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Russians Rely on Marginalised Volunteers

War Ukraine

War in Ukraine destroyed russian soldat

“Cannon fodder” – that’s how you can characterise the numerous Russian volunteer units being formed all over Russia. Instead of “wasting” their professional military, the Russians rely on marginalised volunteers who could not serve in the regular army in peacetime, the international volunteer community Inform Napalm reports.

However, one should not treat the Russian volunteer units with contempt. The degree of hatred for Ukraine and the thirst for easy money make a large number of former employees of security agencies go to war with Ukraine. The Inform Napalm experts also point out that retired military personnel may also join such units. Almost all of them somehow managed to fight somewhere, because the Russians have never lived in peace. Former police officers may join. The Russians actively engaged “police” units in all the Chechen wars. Working trips to Chechnya and Dagestan are routine for Russian police officers.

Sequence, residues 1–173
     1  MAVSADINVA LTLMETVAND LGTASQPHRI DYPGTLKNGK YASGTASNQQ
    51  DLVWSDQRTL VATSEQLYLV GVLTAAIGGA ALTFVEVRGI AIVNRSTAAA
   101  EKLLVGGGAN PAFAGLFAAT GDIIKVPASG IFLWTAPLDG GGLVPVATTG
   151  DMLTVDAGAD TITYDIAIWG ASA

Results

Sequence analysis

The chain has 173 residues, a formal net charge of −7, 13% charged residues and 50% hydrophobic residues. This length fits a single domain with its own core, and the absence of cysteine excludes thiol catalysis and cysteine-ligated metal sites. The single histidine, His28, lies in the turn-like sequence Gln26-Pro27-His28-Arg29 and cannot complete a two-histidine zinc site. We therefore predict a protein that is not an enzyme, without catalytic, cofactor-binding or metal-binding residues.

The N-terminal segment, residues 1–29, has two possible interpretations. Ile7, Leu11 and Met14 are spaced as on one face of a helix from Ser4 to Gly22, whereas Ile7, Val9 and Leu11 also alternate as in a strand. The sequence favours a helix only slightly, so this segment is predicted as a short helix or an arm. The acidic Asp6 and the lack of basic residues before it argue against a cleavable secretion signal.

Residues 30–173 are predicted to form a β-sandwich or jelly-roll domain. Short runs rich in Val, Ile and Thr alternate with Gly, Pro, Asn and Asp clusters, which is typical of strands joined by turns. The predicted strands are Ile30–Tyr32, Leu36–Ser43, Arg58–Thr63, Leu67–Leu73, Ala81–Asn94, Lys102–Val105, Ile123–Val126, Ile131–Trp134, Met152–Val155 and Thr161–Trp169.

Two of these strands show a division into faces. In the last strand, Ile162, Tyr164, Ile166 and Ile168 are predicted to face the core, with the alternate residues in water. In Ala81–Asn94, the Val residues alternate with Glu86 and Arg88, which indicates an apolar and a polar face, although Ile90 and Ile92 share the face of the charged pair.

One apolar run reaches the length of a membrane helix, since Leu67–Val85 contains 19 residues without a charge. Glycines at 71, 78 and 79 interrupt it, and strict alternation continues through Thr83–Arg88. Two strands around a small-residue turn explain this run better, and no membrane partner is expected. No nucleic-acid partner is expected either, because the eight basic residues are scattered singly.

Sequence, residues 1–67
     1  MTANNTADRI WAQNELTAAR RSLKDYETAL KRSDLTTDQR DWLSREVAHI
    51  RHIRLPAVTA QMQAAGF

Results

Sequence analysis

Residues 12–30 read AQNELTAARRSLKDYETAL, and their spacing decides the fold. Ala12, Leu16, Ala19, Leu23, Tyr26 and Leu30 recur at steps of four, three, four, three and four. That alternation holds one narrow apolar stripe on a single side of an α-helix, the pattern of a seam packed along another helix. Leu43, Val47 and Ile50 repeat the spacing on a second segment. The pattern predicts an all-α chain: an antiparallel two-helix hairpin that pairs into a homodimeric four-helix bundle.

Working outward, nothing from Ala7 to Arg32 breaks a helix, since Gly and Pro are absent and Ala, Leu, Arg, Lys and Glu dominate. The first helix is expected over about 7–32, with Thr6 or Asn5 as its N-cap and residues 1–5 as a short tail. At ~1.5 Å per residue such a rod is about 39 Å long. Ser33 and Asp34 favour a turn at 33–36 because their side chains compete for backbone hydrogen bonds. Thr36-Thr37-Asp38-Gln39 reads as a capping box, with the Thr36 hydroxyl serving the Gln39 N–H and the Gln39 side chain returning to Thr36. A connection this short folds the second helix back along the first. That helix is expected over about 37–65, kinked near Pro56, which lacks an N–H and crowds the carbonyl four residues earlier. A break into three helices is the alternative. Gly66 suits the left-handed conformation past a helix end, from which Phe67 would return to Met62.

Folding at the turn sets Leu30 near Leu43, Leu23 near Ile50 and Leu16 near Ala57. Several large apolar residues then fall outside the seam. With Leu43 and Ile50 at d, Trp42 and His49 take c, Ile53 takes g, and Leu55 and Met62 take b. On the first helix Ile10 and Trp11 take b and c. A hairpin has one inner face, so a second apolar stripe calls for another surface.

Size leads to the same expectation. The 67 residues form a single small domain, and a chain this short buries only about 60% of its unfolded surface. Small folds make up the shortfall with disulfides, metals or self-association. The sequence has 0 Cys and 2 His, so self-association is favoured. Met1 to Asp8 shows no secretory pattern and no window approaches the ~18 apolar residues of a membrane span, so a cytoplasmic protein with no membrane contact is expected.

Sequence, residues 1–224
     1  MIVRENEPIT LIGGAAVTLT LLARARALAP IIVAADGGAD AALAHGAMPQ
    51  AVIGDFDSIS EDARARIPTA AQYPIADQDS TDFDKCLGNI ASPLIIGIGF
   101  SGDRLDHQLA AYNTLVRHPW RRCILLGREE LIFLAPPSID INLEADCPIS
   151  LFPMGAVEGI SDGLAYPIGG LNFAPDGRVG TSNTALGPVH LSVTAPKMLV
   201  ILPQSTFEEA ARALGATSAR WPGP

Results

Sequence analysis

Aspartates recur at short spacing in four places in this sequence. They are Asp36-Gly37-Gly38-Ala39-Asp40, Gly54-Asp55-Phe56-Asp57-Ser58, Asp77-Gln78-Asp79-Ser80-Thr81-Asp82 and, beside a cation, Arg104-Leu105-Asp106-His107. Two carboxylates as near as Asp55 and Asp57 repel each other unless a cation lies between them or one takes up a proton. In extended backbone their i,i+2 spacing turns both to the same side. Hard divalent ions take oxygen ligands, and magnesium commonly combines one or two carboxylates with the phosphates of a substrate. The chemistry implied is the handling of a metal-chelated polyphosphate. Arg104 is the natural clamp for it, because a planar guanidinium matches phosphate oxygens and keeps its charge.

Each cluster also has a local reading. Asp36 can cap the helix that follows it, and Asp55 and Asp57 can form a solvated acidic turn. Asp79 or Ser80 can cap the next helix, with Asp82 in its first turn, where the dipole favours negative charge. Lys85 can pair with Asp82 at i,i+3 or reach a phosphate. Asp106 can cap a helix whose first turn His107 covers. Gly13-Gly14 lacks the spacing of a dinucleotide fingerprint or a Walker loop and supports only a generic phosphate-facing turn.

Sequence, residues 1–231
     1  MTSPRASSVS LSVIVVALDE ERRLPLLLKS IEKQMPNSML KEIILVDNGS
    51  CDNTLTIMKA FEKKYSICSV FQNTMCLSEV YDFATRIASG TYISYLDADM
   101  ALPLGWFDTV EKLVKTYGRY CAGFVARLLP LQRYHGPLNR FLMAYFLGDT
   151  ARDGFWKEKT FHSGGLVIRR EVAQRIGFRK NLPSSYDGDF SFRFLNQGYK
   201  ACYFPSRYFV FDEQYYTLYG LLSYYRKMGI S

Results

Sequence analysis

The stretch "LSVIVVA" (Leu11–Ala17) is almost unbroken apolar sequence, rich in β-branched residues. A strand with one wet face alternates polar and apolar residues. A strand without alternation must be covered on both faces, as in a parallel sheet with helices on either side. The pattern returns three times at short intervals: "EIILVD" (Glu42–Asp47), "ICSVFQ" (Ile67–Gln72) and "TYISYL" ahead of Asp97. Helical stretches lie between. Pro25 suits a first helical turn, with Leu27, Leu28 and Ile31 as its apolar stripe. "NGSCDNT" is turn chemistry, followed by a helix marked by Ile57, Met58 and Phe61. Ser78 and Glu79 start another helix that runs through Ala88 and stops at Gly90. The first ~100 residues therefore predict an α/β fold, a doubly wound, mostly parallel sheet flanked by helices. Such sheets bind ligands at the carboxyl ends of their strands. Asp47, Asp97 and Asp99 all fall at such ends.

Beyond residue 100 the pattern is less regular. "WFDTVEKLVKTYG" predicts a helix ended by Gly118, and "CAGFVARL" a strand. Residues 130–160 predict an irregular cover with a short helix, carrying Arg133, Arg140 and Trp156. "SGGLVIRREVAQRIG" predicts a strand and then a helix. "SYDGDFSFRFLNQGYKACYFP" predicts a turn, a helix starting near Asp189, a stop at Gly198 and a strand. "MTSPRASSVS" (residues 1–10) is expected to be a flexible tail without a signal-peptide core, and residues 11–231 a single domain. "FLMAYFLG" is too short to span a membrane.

“Moreover, after the USSR collapsed, the Russians have been reducing the army size constantly, ‘releasing’ hundreds of thousands of former professional soldiers. In addition to professionals, hundreds of thousands of Russian conscripts who were ‘lucky’ to fight in hot spots went to the war,” the analysis reads.

In parallel with the downsizing of the army, the Russians increased the number of security structures. The Russian Guard became a kind of shadow army, the FSB was building up its influence, and Shoigu facilitated the development of his “native” Ministry of Emergency Situations. Besides, there have been various “paramilitary” structures, such as the Cossacks, numerous private security companies, and the overall militarisation of society. So, there are enough people in Russia who know how to handle weapons.

To sum up, Inform Napalm notes that a salary of at least RUB 200,000 per month, promised combat pay, employment record, war veteran status, all kinds of regional and federal payments for injuries and in case of death motivate tens of thousands of Russians to fight against Ukraine as “volunteers.”

Natalia Tolub

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